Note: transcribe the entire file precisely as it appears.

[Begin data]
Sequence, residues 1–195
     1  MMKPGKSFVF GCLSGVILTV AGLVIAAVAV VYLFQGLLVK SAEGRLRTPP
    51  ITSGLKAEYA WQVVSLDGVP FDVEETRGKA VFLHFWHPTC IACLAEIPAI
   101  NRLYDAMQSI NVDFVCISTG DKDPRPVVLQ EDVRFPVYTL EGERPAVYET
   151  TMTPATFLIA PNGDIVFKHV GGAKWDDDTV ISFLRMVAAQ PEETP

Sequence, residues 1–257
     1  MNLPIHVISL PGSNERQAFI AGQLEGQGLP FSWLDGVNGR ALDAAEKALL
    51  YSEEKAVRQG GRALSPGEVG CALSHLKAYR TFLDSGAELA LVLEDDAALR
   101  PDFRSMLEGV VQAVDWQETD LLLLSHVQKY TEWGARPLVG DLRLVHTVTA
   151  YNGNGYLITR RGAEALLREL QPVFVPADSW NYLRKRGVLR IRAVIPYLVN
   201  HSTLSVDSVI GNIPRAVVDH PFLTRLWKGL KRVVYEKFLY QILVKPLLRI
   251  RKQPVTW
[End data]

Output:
Sequence, residues 1–195
     1  MMKPGKSFVF GCLSGVILTV AGLVIAAVAV VYLFQGLLVK SAEGRLRTPP
    51  ITSGLKAEYA WQVVSLDGVP FDVEETRGKA VFLHFWHPTC IACLAEIPAI
   101  NRLYDAMQSI NVDFVCISTG DKDPRPVVLQ EDVRFPVYTL EGERPAVYET
   151  TMTPATFLIA PNGDIVFKHV GGAKWDDDTV ISFLRMVAAQ PEETP

Sequence, residues 1–257
     1  MNLPIHVISL PGSNERQAFI AGQLEGQGLP FSWLDGVNGR ALDAAEKALL
    51  YSEEKAVRQG GRALSPGEVG CALSHLKAYR TFLDSGAELA LVLEDDAALR
   101  PDFRSMLEGV VQAVDWQETD LLLLSHVQKY TEWGARPLVG DLRLVHTVTA
   151  YNGNGYLITR RGAEALLREL QPVFVPADSW NYLRKRGVLR IRAVIPYLVN
   201  HSTLSVDSVI GNIPRAVVDH PFLTRLWKGL KRVVYEKFLY QILVKPLLRI
   251  RKQPVTW